It had been so long since Adolfo had been brought to the floating prison, he barely remembered the revolutionary impulses that had led to his capture.
He remembered the girl, though.
She’d had the heart and tongue of a poet. They still made songs about her, he knew from the more recent inmates, who sang in the strange new style that wasn’t really singing at all, but rather a kind of barking, pipping, rhythmic chorus. But the words told of his girl.
She had towered above him mentally. At 17, she’d memorized the Code, and used it to publicly defy the Leader and his toadies, “the Leadera,” as they’d come to be known. With their own laws, written with such complexity that no one outside the Leadera understood them, she had fought them with flawless precision, a retort for every empty commandment they tried to dig at her.
Adolfo had been enthralled. And so, when she told her band it was necessary to broadcast the meetings of the inner sanctum on national hologram, Adolfo had not needed further instruction. He’d used his job at the Hologram Entertainment Division to gain entrance to the Palais, insert fiber optic cable into their existing conduits, and had captured a 24-hour feed of their machinations.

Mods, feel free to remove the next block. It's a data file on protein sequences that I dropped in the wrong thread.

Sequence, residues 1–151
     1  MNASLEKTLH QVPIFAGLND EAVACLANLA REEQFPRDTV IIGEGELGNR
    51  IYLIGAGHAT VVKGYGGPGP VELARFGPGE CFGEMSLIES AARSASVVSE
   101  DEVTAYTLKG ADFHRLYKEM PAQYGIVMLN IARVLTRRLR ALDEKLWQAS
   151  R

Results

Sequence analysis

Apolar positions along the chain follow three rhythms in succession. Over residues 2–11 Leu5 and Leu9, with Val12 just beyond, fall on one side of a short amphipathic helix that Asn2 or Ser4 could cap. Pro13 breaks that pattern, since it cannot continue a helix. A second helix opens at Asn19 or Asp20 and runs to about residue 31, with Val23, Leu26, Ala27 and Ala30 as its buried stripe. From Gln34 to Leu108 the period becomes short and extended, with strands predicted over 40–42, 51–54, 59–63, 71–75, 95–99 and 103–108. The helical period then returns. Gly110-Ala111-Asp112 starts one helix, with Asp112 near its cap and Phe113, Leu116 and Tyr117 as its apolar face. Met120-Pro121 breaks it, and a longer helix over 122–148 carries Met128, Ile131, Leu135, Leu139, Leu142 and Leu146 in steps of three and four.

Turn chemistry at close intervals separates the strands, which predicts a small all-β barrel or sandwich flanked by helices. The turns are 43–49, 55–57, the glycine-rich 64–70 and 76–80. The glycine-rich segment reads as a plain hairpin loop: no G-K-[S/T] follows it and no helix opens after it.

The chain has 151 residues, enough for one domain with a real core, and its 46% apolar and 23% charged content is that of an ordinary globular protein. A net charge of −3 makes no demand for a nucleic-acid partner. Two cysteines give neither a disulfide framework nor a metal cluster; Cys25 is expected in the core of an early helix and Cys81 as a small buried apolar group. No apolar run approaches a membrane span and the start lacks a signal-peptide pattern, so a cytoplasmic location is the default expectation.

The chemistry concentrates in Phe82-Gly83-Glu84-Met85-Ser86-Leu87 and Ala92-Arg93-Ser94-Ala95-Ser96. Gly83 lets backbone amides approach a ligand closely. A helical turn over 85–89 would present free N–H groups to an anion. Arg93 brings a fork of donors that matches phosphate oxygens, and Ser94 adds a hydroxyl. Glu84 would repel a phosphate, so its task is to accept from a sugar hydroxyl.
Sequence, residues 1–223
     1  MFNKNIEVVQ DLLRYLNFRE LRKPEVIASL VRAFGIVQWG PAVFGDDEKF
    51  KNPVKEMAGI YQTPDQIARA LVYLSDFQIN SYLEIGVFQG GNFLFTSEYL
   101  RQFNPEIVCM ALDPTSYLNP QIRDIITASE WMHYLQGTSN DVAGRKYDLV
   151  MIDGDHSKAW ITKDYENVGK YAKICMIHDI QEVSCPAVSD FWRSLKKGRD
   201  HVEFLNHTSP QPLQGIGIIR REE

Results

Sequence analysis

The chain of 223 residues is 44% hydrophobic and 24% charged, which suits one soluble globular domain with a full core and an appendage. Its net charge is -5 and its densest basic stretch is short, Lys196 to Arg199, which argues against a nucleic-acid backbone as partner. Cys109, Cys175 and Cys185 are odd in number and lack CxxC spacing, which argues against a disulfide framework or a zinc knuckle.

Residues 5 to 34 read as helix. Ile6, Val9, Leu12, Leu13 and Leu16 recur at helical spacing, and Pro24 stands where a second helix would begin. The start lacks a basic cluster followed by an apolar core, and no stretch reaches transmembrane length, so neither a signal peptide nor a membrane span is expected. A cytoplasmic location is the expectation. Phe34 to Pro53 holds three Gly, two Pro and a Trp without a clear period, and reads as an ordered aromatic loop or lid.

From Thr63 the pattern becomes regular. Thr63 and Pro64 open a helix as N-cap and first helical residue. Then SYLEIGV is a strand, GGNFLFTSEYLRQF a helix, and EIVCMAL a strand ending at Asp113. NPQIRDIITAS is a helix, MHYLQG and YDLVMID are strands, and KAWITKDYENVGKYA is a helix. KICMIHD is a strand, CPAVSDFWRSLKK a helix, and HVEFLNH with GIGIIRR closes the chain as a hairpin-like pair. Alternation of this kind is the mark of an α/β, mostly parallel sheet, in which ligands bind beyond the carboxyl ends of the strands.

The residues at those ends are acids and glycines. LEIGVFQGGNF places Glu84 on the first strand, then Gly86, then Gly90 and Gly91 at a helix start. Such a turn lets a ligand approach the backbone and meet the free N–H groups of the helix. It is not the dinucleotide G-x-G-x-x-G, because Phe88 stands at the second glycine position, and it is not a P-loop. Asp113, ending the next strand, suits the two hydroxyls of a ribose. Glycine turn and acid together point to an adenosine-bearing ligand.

It had almost worked. The pirate news had just begun to broadcast an incriminating conversation between the Leader and his First Officer of Public Morality, about the need to cull the adolescent population, when the location of the station had been discovered by the Leadera Sanitation Squad. All but one of the news crew had been massacred, in what was later described as a “terrorist cell that had accidentally blown itself to bits.” Adolfo had been rounded up when the man they’d taken alive finally cracked under torture and gave him away.
But he knew from the songs that she had escaped. His fiery, bold, Emma, with her shaved head that became a symbol of the Defiance movement. The tattoos appeared on more and more of the incoming prisoners.
The resistance was growing.